I have only read the first two chapters but I am detecting an anti war sentiment in Hugo's writing. Hugo is describing carnage and destruction. I see no trace of sentimentality in his observations. Nearly everything described here, from doors to wells, has been altered by war. I really like Hugo's summary at the end of the seocnd chapter:
"Bauduin, killed, Foy wounded, conflagration, massacre, carnage, a rivulet formed of English blood, French blood, German blood mingled in fury, a well crammed with corpses, the regiment of Nassau and the regiment of Brunswick destroyed, Duplat killed, Blackmann killed, the English Guards mutilated, twenty French battalions, besides the forty from Reille's corps, decimated, three thousand men in that hovel of Hougomont alone cut down, slashed to pieces, shot, burned, with their throats cut,--and all this so that a peasant can say to-day to the traveller: Monsieur, give me three francs, and if you like, I will explain to you the affair of Waterloo!"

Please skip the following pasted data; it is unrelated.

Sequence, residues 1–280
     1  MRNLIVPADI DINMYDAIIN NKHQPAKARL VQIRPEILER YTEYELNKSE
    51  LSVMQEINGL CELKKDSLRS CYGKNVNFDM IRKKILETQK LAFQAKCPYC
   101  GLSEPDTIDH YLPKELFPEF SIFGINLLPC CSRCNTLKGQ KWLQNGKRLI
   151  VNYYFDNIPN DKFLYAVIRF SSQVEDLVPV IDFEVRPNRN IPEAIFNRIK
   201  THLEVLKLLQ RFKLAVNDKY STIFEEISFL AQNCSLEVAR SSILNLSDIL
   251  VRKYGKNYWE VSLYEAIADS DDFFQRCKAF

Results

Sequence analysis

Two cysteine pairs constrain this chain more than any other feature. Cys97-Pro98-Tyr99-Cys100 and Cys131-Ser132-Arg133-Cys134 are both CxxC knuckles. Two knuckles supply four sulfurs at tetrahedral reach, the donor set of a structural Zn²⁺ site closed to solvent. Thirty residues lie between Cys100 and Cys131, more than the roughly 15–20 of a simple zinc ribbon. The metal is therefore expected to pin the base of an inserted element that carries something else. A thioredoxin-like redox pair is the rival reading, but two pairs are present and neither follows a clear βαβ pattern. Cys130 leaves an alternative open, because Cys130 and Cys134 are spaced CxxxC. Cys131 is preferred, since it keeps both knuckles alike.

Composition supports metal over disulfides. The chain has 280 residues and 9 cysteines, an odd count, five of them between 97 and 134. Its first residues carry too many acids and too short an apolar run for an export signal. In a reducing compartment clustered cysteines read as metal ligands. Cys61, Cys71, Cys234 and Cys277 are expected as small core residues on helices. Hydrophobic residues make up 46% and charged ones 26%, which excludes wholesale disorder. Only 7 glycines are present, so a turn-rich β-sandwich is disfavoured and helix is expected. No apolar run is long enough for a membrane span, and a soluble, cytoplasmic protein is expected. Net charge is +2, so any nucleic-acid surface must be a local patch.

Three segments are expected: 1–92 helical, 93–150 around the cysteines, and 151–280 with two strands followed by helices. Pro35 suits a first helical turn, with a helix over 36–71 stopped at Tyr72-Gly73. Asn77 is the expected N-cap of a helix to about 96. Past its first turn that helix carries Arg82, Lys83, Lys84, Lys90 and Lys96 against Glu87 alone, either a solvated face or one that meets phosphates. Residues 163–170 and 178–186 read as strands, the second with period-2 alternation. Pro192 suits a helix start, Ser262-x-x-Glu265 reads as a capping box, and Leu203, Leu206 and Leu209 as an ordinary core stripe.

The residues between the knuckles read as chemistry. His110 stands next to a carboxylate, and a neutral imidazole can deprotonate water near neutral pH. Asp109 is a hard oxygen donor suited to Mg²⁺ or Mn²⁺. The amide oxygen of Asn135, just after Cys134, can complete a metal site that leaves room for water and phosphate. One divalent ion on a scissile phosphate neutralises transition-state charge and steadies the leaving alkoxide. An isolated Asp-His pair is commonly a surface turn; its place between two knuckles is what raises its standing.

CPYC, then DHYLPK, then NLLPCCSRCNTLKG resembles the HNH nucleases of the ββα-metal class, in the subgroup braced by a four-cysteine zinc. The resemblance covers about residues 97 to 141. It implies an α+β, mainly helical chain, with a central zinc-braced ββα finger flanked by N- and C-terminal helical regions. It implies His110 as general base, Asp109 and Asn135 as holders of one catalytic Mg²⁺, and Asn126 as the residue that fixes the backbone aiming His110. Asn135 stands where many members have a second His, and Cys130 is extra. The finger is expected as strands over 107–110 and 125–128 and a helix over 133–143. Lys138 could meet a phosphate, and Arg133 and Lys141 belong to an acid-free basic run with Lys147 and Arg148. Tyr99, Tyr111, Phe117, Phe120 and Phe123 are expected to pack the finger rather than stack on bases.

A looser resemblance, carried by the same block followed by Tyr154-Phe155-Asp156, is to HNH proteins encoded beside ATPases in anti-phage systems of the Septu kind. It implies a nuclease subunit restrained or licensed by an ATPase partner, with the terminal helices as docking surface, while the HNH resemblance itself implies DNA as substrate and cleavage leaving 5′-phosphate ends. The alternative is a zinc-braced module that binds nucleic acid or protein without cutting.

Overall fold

In a sense Hugo is asking what did all the killing really achieve? A bit of tourism? If Hugo had lived to see the First World War he would have been utterly appalled by it.
I do not really get the criticism by some people that the Waterloo section was about downplaying the victory of the UK. Maybe I will change my mind after reading more.